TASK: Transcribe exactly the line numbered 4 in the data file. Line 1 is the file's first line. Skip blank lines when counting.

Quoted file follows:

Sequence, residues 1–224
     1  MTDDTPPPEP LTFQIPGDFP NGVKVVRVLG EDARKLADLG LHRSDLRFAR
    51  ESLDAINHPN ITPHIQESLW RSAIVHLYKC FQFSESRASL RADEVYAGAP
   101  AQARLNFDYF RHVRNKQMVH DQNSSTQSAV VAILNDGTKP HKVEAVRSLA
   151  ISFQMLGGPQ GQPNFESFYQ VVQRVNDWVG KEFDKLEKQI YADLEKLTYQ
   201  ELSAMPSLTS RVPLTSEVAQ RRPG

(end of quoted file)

   101  AQARLNFDYF RHVRNKQMVH DQNSSTQSAV VAILNDGTKP HKVEAVRSLA